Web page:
The new Peugeot 2008 SUV was our choice so we went for the test drive and impulsively put down the deposit and picked up Sue's new car on the Wednesday.

Sue loves her new Pug. It's bigger than her old Peugeot 307.
It might be the pretty dash lights, the sat nav or just that it is our very first new "out of the showroom" car.
On Thursdays I play Petanque with several other retirees in Trentham and my friend Geoff had recently purchased a 1954 Slough (English) built Citroen 2CV and it had arrived from Western Australia to Melbourne. I offered to drive him down so he could drive it home. Nothing ever runs to plan as on arrival, the transporters had left the ignition on and the battery was dead flat. We finally jump started the little 2CV (several times) and eventually we were on our way. I may have mentioned before that Trentham is in the Victorian central highlands - that's around 600+ metres above sea level.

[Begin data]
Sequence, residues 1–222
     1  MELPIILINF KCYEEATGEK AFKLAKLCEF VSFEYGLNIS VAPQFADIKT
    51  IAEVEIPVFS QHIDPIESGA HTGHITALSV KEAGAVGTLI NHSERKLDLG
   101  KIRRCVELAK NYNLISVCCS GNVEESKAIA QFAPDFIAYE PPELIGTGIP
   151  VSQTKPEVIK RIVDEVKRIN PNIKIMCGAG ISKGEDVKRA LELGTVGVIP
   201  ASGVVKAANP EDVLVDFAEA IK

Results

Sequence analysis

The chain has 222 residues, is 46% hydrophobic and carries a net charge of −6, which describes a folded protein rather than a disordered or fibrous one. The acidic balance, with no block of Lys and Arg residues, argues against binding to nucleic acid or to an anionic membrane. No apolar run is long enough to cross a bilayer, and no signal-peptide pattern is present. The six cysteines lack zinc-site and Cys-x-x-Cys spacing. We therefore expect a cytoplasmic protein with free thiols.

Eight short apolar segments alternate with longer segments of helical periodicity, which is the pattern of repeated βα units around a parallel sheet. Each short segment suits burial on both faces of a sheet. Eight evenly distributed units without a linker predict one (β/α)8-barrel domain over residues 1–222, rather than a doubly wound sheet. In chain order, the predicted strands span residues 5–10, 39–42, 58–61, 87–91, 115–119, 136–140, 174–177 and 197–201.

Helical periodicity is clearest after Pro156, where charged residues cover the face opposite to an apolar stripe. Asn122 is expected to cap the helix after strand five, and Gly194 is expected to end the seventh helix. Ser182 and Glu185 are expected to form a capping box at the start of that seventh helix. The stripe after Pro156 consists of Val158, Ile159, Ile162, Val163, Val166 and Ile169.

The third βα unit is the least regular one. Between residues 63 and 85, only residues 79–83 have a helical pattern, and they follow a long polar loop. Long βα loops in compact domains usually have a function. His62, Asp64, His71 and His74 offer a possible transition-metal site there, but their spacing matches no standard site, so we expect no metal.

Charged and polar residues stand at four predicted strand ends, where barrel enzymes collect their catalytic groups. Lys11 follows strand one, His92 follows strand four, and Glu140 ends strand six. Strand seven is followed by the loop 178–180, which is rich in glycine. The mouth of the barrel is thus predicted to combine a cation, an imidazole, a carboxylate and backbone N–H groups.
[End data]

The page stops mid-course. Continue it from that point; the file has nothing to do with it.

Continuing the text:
Basically the drive was all up hill for this tiny 375cc two cylinder motor. As we came to an incline the 2CV would struggle up hills at below 60 kph with me behind with the hazard lights flashing. We finally made the 120 km journey home safely.

Geoff ponders over his new acquisition and how to get it started for the 120 km journey back home.
Friday galloped along so we organised the spare bedroom for the arrival of friends who were coming to a dinner and entertainment at a local favourite place of ours in the village of Malmsbury, just around 10 kms down the road. Small Holdings is owned by the congenial David who always makes us welcome. He calls Sue his Malmsbury Mum. He calls me "Man Bag Leon due to the cycling Musette that I tend to carry often. Anyway I digress once again. The night featured Miss Bee Townshend who with a pianist and bass player gave us a marvellous selection of songs from a past era that included torch smoke songs to stage and film songs. All this with a 3 course meal and drinks made for a delightful evening plus we met more of the locals as well.